I finished reading, “Fragile” by Lisa Unger last night. While I liked the book, I was taken aback by one description of one of the characters when she was in high school. It read, “She was the geek in black, with black fingernails and eyeliner, the brain, the poet, the freak,”(Unger, 95).

Why is it the poet is always the freak in the back?

Now, I know that I do fit the description. Back in high school, I did have the black nails (actually, it was middle school…8th grade really) and I was hiding in the back (helped my last name was a “W”). I did enjoy the massive amount of Wet N’ Wild black eyeliner you had to use a lighter to “get it started.” Hell, I even wore razor blade earrings and wrote horrific poetry all the time in class.

But, when did this become the norm to describe a poet?

I don’t think Sylvia Plath was goth-ing it out in the back of her high school English class.

But now we have this strange marker where the smart, writer kid is the “freak in black hiding behind his or her hair.”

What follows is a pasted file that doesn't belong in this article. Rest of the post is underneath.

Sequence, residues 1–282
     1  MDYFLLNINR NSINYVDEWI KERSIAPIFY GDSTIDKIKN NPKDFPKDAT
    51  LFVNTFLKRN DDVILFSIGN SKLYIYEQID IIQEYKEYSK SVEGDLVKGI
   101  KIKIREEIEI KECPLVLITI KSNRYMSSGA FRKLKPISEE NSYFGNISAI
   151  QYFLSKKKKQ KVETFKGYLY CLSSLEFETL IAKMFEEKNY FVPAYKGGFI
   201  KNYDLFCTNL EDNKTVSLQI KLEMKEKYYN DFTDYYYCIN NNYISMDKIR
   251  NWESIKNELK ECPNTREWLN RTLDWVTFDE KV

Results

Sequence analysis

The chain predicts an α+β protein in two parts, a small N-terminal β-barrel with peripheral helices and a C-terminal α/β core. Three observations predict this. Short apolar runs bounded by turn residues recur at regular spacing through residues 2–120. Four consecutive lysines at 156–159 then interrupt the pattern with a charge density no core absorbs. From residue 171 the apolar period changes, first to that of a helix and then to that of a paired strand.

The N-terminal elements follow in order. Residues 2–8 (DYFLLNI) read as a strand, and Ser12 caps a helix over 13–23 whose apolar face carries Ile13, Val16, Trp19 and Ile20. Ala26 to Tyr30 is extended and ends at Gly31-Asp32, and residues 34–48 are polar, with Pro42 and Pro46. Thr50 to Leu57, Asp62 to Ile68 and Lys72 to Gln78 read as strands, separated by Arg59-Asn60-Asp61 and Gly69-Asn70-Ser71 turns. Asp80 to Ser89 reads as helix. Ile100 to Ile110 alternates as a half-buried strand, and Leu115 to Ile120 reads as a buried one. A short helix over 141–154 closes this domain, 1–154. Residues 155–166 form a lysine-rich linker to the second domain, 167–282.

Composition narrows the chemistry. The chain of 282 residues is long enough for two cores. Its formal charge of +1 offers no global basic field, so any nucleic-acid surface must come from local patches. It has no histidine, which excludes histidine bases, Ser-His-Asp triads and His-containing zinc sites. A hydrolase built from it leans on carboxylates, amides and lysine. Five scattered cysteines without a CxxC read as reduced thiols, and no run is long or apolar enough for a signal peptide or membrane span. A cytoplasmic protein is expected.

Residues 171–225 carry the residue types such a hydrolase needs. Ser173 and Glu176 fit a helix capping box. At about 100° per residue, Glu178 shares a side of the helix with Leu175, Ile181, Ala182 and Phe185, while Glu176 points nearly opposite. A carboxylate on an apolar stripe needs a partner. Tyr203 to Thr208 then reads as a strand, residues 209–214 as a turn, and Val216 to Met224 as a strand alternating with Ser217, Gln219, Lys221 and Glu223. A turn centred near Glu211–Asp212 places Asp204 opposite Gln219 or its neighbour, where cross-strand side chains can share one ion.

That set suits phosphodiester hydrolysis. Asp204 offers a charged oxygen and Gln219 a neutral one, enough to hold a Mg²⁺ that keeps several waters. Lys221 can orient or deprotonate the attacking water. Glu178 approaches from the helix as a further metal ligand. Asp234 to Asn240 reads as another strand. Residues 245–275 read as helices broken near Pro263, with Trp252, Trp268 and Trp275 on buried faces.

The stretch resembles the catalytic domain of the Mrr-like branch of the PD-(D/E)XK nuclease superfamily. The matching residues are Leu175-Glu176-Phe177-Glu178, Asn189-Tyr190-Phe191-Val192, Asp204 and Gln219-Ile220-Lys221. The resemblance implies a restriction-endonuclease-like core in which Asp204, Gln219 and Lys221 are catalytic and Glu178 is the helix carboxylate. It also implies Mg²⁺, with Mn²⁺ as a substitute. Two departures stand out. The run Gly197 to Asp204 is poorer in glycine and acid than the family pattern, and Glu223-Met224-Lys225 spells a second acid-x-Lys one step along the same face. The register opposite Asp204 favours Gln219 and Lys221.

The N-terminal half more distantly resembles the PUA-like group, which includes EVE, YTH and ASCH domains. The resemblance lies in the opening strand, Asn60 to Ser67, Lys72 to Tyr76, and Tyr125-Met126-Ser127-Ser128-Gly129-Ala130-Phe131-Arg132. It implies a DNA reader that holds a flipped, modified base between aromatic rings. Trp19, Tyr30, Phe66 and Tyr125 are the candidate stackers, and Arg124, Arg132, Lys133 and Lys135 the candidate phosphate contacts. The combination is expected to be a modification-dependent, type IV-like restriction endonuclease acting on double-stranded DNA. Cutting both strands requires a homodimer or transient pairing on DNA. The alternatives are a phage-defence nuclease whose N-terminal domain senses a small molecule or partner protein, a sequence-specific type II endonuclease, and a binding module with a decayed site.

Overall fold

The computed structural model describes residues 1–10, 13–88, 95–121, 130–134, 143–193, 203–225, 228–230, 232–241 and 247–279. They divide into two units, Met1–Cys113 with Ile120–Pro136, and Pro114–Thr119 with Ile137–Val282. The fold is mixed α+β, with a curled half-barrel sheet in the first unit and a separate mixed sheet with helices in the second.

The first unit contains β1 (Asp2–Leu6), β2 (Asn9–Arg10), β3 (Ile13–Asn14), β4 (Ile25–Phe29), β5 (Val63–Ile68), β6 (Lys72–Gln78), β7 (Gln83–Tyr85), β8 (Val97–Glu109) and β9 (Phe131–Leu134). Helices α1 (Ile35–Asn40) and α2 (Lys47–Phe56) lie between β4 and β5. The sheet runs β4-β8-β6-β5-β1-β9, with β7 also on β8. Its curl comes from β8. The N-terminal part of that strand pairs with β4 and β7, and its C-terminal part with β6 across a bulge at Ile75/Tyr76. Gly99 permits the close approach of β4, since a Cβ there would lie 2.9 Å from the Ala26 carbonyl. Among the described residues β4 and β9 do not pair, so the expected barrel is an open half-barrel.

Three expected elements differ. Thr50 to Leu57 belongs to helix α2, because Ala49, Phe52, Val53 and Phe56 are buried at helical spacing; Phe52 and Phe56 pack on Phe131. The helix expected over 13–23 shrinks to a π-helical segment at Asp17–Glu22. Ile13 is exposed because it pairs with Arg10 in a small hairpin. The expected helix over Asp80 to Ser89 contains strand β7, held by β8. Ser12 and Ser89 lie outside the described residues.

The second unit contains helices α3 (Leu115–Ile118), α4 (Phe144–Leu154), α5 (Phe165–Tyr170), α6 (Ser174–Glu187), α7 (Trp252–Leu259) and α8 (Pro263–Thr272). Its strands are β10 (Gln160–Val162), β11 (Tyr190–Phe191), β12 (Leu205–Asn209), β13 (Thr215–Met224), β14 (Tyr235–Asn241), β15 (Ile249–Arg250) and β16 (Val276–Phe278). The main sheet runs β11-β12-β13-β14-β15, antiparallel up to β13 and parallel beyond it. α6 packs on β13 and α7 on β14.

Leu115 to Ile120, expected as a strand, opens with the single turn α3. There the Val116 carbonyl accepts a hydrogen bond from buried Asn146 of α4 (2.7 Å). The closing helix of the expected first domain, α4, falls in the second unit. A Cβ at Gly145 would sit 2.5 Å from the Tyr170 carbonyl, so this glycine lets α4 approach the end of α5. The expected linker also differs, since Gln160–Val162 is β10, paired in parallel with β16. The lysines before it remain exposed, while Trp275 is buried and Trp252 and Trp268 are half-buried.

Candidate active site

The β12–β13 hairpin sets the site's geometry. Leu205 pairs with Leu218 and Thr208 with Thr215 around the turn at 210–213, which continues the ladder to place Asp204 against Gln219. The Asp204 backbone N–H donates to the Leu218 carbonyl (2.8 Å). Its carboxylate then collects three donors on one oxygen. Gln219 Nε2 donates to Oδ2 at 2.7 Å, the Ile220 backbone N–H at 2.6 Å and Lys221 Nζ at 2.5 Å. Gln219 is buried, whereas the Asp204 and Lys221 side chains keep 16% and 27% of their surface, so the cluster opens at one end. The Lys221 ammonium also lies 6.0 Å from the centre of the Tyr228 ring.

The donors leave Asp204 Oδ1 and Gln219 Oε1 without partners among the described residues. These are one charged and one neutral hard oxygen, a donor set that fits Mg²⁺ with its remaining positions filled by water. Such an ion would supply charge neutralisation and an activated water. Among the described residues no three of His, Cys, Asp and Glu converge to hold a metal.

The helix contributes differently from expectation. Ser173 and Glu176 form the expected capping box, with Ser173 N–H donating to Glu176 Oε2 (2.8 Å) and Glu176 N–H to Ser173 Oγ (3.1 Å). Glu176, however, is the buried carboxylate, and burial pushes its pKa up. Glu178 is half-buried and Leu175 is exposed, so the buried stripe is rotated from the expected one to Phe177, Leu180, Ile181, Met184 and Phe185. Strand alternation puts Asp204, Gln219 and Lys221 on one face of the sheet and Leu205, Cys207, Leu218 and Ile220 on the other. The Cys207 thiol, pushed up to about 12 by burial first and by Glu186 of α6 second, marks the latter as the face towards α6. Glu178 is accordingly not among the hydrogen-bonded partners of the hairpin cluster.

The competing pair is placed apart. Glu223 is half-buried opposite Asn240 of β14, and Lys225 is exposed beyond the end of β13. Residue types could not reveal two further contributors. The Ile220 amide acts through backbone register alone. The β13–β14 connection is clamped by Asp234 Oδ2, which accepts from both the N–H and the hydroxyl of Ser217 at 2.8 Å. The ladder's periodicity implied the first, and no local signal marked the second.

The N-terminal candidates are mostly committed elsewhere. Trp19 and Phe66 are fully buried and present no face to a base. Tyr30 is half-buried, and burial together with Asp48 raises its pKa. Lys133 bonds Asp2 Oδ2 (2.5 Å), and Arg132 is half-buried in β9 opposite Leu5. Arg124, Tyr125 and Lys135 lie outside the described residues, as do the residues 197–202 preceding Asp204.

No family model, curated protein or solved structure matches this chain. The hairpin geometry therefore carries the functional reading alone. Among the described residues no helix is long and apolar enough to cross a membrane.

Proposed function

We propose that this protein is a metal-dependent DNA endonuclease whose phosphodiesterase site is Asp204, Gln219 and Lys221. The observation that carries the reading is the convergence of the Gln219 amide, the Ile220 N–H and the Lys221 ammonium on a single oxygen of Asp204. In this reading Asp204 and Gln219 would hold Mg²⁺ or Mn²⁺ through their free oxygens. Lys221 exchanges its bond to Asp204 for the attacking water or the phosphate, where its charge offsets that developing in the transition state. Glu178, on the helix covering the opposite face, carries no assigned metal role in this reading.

I feel it comes from the feeling of being an outcast. No one was like me in high school. I could write five or six (what others thought were) decent poems in one sitting. I saw the world differently. In order to hide that difference, I hid in the back. I used an armor of black to keep others away, but what I wanted was for someone to really, really listen.
It’s now normal for kids, who have this wonderful gift of writing, to feel they need to cover themselves, wear things that seem abnormal to keep people away from them.

I think we don’t see writing as a gift when we are growing up. I know my teachers encouraged me to keep writing, but they always talked about what I was going to do for a career. Writing was the hobby.

Why can’t writing be a career?

And why does the girl in the back of the class, wearing black, have to be the poet? Can’t she be the brain surgeon and the cheerleader be the poet?